It can be difficult to get excited about leafy greens. Though their health benefits are well documented, tucking into a bowl of lettuce seems underwhelming when compared to the pizzazz of, say, exotic fruits or vegetables. But leafy greens can lend a surprising amount of depth to cooking: Ask anyone who has eaten mustard greens, and they’ll describe them as anything but boring. If you think outside the bowl, leafy greens can amp up dishes from pasta to stir-fries.
“Leafy greens are high in vitamins A, C and K; folate; and fiber,” says Dr. Yikyung Park, a researcher for Siteman Cancer Center at Barnes-Jewish Hospital and Washington University School of Medicine in St. Louis. “They also contain high amounts of carotenoids such as lutein and zeaxanthin, flavonoids, magnesium, potassium and calcium, and they have very few carbohydrates.” This alphabet soup of nutrients translates into vitally important health benefits. Vitamins A and C are antioxidants that help protect the body from free radicals, which can lead to chronic diseases such as cancer, heart disease and diabetes. Folate has also been shown to lower the risk of colon cancer and heart disease. Lutein and zeaxanthin help prevent eye diseases, such as agerelated macular degeneration and cataracts. And all greens are low in calories but high in fiber – great news for the waistline and the digestive system.
An easy indicator of a leafy green’s nutrition is its color. The darker the leafy green, the more nutrients it contains. Iceberg lettuce is pale green. Compared to spinach, it contains just half the amount of vitally important nutrients, including iron, protein, potassium and vitamins A, C, K and B-12. As for as which green is the healthiest, Dr. Park stresses that all leafy greens have a part to play when it comes to good health. “All of these are really important and needed for the body, so it’s hard to pick just one," she says. "That’s why it’s good to eat many kind of greens."
There has never been a better time to get on board with leafy greens – kale in particular. It’s found everywhere these days, from green smoothies in the produce aisle to kale chips in the snack aisle. Kale chips are a fantastic option for people who love the salty, crunchy appeal of potato chips but are looking to reduce calories. Kale chips are also a breeze to make at home, requiring nothing more than a bunch of greens, salt and olive oil. Dr. Park also recommends adding leafy greens as a light counterpoint to protein-heavy meals, especially as barbecue season comes to a close.
Though collard greens have deep roots in Southern cooking, these large, robust leaves are also right at home in Northern climates and can even continue growing into early winter. The leaves are so thick they’re often described as “leatherlike,” which is why most recipes call for them to be steamed, braised or fried. However, that thickness is an asset when it comes to using raw collards in place of bread for sandwiches or tortillas for wraps. They can also be shredded and added to slaws and soups. Regardless of how they’re prepared, collard greens are a stellar source of fiber, as well as vitamins A, C and K.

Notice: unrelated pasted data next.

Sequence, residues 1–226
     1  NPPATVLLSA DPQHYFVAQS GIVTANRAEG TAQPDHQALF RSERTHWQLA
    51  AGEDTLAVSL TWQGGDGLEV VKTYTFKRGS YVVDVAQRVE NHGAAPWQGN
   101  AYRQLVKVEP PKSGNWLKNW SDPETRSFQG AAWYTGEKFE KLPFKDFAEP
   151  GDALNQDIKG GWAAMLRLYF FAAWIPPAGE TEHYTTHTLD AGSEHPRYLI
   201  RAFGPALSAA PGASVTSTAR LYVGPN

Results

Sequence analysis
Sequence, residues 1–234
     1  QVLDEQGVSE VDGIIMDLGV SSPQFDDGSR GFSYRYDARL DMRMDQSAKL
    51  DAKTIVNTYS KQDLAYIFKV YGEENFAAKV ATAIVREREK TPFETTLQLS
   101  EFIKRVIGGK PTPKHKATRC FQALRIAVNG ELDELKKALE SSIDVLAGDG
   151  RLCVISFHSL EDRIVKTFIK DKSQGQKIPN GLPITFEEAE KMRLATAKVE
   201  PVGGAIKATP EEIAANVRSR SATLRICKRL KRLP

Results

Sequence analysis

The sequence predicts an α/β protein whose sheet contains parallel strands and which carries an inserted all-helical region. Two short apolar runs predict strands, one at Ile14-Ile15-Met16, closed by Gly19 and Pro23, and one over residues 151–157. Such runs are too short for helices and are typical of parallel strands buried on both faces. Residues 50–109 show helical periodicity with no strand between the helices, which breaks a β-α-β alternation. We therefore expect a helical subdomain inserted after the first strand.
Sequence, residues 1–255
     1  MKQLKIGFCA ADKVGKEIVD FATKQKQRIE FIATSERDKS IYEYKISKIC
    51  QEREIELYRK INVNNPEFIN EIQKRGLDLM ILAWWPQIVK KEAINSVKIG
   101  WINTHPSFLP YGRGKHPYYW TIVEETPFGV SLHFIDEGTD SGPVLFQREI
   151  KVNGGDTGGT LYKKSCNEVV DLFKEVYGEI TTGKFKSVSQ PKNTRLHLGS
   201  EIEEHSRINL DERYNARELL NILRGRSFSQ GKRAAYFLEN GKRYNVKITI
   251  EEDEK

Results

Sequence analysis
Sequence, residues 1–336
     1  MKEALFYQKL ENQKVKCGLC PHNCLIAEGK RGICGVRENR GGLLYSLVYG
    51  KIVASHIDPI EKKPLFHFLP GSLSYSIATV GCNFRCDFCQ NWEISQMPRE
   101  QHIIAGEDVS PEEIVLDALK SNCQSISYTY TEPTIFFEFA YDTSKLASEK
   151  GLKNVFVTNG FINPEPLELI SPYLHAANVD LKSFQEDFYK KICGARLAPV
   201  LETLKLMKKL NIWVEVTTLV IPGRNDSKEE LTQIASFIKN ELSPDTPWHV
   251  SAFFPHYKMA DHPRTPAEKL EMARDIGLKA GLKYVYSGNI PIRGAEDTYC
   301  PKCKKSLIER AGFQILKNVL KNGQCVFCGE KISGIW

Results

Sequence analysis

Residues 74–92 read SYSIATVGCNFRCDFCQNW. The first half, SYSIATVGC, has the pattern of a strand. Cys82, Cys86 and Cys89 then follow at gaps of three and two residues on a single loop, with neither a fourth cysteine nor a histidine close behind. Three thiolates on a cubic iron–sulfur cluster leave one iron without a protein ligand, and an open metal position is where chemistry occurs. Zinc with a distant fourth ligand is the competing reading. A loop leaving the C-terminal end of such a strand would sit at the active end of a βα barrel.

The term “microgreen” is a catchall for the first shoots of a plant that push out of the ground, typically picked when they’re only a few inches tall. Microgreens can be from any number of immature leafy greens – including arugula, Swiss chard, kale and endive – and their taste is reminiscent of their full-grown counterparts. Better yet, microgreens can grow in a week or two, and they are nutritional powerhouses that often pack more vitamins and antioxidants than leafy greens that reach maturity.
If there were ever a counterpoint to iceberg lettuce’s flat, watery leaves, it’s mustard greens. Frilly, emerald and packed with beta-carotene, this peppery plant lends an unmistakable zing to every dish. Americans most closely associate mustard greens with the South, but they’re also popular in Asian, Indian and African cooking traditions. The bigger the leaves, the stronger the bite, so look to baby mustard greens for a milder taste. Boiling or sautéing larger leaves with some salt and oil also helps temper the bitterness.
Though the leafy parts of leafy greens tend to attract the most attention, for Swiss chard it is just the opposite: The stems are the showstoppers. Deep gold, electric red and bright white, they end in large green (or even purple) leaves. Swiss chard’s spectrum of color is also reflective of its broad swath of nutritional qualities. Vitamin K, best known for helping blood to clot, is found in greater abundance in Swiss chard than in any other green. Swiss chard is related to beets, and the vegetable’s signature earthy taste comes through prominently. As versatile as it is colorful, Swiss chard is great in soups, salads and pasta.
From a garnish that few people ever bothered to eat to the pinnacle of superfoods, kale’s trajectory over the last decade has been an impressive one. It checks off so many boxes: It’s a font of vitamin A, vitamin C, iron, beta-carotene, calcium and antioxidants. It boosts body parts from eyeballs (helps prevent agerelated macular degeneration) to intestines (it’s high in fiber and aids in digestion). It’s low in calories and helps regulate blood sugar. Look for Lacinato (or Tuscan) kale, a mild variety that is good cooked or raw, and is the perfect variety to make kale chips.
In Good Taste is brought to you in partnership with Siteman Cancer Center. Watch for more healthy, seasonal cooking ideas each month.